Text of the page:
(CBS Local)–It’s been two years since Hurricane Maria ravaged Puerto Rico and took the lives of thousands of people.
Bronx native Nadia Hallgren takes a look back at the devastating hurricane and followed Puerto Rican families that were forced to live in FEMA hotels in her new Netflix documentary “After Maria.” The project was deeply emotional and personal for Hallgren.READ MORE: NYPD: Craig Tamanaha Charged With Arson For Setting Christmas Tree On Fire Outside FOX News Building
“In many ways this reminded me of my own grandma’s migration from Puerto Rico to the Bronx,” said Hallgren in an interview with CBS Local’s DJ Sixsmith. “It was under different circumstances, but it was similar with no economic opportunity and a situation that looked dire. You go from living in the mountains of this tropical island to living in the Bronx. It’s concrete, it’s loud, it’s noisy and there’s so much happening.”
Hallgren says there was a huge amount of cultural shock for families arriving in the Bronx from Puerto Rico. The filmmaker wanted to use her documentary to explore Puerto Rican identity and the emotional and physical toll Hurricane Maria had on an entire island.READ MORE: Funeral Today For Probationary Firefighter Vincent Malveaux
“Going into this film, we knew there would be an expiration date on the government assistance for these families,” said Hallgren. “It was a very emotional experience. The trauma and the post traumatic stress that comes out of living through a natural disaster like this from the elderly to children is tremendous. There was no support for families after going through that. They came and were dealing with the trauma from memories the storm and this crisis of where do we go next. There was never any system put into place to help them cope with this.”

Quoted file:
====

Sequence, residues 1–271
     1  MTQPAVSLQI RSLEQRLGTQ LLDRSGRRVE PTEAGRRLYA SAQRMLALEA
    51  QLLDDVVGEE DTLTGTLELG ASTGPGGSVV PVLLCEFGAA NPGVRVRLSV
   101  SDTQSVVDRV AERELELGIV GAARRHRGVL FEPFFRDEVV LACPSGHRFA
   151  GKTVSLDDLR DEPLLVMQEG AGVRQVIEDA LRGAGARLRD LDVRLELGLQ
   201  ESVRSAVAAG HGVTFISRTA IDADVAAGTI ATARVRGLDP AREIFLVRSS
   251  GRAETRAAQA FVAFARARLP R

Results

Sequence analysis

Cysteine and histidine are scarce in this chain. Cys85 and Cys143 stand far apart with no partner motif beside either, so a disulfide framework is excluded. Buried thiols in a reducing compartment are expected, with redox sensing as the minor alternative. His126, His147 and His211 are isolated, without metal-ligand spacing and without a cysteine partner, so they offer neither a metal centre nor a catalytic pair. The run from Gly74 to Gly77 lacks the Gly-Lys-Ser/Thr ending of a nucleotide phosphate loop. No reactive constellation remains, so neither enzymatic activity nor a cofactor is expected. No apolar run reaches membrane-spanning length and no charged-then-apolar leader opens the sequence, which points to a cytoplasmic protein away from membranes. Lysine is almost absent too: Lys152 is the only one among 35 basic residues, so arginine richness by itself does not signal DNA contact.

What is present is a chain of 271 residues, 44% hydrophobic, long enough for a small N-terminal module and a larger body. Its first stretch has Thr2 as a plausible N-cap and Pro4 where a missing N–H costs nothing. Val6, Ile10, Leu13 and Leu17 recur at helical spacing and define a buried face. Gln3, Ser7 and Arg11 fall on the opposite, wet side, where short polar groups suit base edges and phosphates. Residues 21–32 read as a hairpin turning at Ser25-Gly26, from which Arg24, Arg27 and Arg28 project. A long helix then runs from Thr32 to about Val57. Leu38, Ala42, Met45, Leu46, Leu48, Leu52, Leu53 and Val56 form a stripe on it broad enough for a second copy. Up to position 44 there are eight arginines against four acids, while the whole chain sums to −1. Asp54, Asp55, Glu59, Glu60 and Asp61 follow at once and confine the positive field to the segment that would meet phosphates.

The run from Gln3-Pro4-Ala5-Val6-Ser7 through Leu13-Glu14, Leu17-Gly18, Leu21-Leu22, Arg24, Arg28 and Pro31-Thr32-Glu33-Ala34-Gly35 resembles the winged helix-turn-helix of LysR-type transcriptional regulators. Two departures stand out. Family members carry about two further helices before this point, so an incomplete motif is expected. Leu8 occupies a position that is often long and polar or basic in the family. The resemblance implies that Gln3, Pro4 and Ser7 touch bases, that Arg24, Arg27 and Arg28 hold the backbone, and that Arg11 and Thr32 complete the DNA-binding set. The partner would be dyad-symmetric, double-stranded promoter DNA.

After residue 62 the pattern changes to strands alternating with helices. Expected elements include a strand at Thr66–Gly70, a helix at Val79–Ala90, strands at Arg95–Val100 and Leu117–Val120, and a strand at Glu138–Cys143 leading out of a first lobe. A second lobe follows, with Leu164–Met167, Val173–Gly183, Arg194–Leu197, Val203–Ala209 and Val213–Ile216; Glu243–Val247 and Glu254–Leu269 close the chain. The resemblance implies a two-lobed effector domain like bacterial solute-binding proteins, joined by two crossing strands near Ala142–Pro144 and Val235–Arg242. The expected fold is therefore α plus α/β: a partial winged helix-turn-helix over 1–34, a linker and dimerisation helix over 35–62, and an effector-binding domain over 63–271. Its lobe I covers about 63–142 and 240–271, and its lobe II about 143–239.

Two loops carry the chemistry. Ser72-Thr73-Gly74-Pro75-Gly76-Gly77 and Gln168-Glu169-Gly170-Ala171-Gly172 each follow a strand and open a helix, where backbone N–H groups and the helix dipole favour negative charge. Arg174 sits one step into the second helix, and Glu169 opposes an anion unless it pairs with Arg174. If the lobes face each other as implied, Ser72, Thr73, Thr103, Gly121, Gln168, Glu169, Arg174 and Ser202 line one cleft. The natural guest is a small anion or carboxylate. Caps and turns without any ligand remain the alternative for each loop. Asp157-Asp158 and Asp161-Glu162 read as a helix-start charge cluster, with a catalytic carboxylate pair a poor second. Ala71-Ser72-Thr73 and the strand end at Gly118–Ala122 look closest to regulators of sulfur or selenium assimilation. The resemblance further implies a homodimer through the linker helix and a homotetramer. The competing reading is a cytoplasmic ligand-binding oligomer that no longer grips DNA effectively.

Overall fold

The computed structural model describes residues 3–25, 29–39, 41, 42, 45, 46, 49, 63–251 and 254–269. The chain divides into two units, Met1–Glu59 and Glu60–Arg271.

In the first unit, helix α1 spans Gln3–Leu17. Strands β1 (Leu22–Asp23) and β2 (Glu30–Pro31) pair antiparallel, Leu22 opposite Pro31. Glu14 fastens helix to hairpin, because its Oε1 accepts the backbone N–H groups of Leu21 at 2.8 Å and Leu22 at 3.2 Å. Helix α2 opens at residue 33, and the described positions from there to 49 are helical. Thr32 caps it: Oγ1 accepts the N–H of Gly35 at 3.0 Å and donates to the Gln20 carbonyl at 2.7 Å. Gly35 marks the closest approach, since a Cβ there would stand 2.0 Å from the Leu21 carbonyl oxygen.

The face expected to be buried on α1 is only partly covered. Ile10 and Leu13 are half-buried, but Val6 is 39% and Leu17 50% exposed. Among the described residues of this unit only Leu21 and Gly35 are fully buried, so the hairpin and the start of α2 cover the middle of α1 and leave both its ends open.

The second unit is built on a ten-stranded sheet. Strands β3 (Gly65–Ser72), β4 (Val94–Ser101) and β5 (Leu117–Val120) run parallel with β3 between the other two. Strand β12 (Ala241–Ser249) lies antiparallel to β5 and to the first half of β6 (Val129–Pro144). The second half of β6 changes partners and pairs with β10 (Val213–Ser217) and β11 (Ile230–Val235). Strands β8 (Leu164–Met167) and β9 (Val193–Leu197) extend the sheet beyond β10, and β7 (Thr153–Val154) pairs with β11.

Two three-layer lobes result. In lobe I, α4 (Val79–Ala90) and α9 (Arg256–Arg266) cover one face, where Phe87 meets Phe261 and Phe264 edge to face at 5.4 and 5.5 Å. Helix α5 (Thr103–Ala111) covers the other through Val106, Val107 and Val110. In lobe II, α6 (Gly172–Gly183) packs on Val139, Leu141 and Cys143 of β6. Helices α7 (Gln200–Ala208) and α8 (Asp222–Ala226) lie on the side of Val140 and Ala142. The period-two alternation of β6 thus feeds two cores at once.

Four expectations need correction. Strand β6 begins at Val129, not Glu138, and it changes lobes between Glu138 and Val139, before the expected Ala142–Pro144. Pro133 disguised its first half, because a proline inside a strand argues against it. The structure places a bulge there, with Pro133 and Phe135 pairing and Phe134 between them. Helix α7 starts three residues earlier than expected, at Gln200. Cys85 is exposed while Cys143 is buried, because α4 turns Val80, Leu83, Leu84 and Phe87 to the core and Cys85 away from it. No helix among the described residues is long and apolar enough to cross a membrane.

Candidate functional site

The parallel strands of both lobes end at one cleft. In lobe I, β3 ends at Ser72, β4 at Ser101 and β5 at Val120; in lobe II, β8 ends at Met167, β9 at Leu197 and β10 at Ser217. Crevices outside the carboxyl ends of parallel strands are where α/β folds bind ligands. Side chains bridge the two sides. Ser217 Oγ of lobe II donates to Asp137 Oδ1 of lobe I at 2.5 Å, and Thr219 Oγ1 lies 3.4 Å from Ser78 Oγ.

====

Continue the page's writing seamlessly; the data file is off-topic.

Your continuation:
While Hallgren focuses on many different parts of this story, the one that still sticks out in her mind the most is how the response to Hurricane Maria was handled.
“The storm itself was only one part of the story. The aftermath is where we had most of the casualties,” said Hallgren. “Over 3,000 people died and people watched their neighbors die because they couldn’t get insulin. There was no water and families were sharing one bottle of water and had no access to food. People died of dehydration and starvation. These were things that could’ve been prevented.”MORE NEWS: New Sharks Exhibit Coming To American Museum Of Natural History
“After Maria” is on Netflix now.